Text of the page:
Our four-year old's pet roly poly (a gray crawling insect with numerous legs that seem to move regardless of actual body movement, that will roll up into a ball when scared, also known as a pill bug) has escaped from captivity. Last seen at bedtime after it was tucked into its bed (a.k.a. a plastic box with a blanket on top) next to our daughter. If seen, please contact us immediately so that the whining can cease.
Seriously, in her attempt to have a pet, Madeline spent an hour yesterday trying to catch ants in the kids' bathroom. Apparently, they had come out of hibernation during those few 60 degree days we had and upon it snowing again, they all came running inside to hide from the cruel weather. At any rate, they found a crack in the bathroom upstairs and Madeline, thrilled to see "wild animals" in her own house, immediately went to work rounding them up and putting them in a plastic blue bowl. (I caught a glimpse of her future company: "Princess Pest Control: The humane way to get rid of your pets, er, pests.) Discouraged that they wouldn't stay inside the dish, she came running down the stairs to ask for help.
"Look Mom, pet ants!" she exclaimed, showing me the bowl. "There's one for Lily," she said, pointing to a rather lively little guy, "one for you," pointing to another rapid crawler, and then, pointing to a rather dead looking, half curled up, completely still fellow, "and that one is Aidan's." She gave Aidan's ant a little nudge to which it immediately sprung back to life and started crawling. "Oh wait," Madeline exclaimed, her face now wholly excited, "that one is actually mines! We'll have to find Aidan a different ant." She nodded her head up and down in reassurance that Aidan would not be left without his very own pet ant.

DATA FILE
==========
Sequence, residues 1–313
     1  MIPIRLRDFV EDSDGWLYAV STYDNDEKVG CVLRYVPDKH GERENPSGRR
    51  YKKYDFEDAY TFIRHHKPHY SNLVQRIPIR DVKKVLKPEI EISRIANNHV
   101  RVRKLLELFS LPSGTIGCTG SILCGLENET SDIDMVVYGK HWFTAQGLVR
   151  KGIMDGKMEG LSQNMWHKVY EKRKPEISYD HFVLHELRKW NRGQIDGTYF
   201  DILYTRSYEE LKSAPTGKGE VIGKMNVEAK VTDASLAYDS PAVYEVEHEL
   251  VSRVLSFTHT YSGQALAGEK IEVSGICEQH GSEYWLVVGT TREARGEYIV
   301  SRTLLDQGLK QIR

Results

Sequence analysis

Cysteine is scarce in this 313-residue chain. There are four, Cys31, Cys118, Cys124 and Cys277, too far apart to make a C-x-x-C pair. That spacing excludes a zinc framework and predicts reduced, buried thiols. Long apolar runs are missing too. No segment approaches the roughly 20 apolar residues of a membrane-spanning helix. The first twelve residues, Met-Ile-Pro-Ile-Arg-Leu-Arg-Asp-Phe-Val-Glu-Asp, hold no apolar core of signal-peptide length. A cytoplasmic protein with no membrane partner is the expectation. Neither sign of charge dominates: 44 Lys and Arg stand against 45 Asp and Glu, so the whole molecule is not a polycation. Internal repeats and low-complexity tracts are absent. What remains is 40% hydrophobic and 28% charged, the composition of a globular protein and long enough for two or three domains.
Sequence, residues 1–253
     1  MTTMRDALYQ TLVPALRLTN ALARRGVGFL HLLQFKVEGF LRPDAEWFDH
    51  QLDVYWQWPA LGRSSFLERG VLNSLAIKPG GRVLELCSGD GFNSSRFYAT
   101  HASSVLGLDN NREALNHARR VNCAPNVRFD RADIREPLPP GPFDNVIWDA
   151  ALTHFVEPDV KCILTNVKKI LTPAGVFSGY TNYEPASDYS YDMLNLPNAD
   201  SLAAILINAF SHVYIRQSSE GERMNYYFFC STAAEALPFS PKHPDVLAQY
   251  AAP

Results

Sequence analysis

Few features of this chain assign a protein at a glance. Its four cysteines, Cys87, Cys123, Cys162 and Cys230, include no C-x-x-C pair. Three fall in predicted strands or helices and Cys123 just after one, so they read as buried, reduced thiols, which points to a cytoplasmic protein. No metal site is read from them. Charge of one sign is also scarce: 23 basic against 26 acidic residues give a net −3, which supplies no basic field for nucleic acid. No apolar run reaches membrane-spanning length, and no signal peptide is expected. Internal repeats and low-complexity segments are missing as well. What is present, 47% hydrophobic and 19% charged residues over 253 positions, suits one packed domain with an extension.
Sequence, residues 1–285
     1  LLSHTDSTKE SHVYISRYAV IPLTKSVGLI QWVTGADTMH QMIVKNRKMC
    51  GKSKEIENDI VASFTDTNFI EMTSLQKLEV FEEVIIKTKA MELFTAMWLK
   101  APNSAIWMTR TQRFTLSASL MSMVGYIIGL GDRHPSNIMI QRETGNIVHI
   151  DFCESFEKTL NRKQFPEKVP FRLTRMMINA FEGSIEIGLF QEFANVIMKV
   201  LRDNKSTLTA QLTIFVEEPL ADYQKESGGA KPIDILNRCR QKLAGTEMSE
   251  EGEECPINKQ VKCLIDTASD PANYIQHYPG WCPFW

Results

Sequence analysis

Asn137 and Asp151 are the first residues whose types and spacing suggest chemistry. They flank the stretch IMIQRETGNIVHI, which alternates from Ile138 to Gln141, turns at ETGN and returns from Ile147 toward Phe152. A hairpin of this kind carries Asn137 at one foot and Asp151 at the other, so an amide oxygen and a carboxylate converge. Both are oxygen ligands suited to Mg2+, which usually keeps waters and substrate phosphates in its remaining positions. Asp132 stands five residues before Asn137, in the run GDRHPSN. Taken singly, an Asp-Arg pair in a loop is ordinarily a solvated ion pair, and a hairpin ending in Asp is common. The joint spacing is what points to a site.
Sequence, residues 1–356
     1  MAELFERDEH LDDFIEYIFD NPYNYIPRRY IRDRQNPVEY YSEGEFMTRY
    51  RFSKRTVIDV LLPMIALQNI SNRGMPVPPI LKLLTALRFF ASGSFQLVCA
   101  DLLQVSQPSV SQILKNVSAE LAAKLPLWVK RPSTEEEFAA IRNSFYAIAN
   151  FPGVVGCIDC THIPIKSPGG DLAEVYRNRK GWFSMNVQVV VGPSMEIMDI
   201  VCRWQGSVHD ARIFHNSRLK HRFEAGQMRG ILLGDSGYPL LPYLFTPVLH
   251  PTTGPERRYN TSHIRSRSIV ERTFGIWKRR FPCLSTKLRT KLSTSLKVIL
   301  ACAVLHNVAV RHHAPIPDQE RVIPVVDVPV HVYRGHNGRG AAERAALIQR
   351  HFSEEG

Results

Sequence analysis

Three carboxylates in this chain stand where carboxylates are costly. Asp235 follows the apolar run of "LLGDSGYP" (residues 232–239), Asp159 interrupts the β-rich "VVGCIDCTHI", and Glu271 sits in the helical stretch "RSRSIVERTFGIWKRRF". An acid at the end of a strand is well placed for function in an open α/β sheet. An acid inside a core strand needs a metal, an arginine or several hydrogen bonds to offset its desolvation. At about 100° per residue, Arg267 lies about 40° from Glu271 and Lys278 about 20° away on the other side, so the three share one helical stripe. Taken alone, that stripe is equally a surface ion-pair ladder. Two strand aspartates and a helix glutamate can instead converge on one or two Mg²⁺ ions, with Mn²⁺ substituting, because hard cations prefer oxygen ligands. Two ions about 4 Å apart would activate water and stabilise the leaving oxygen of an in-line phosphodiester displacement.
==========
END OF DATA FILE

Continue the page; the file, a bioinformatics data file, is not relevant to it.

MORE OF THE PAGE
And so it went: Foil, poked full of holes, for the lid and two little girls searching for more "pets" while Liam and I enjoyed a rather long moment of quiet downstairs. After a while, Madeline and Lily came skipping down, their bowl full of ants, and gathered up their coats to head outside.
"Where are you going?" I asked.
"Outside. They need some dirt to live in," Madeline answered cheerfully. And out they went, shovels in one hand and ants-in-a-bowl in the other. If there ever were a more delighted little girl, I know not. And it remained that way until they tried to bring the dirt-filled-ant-home back inside.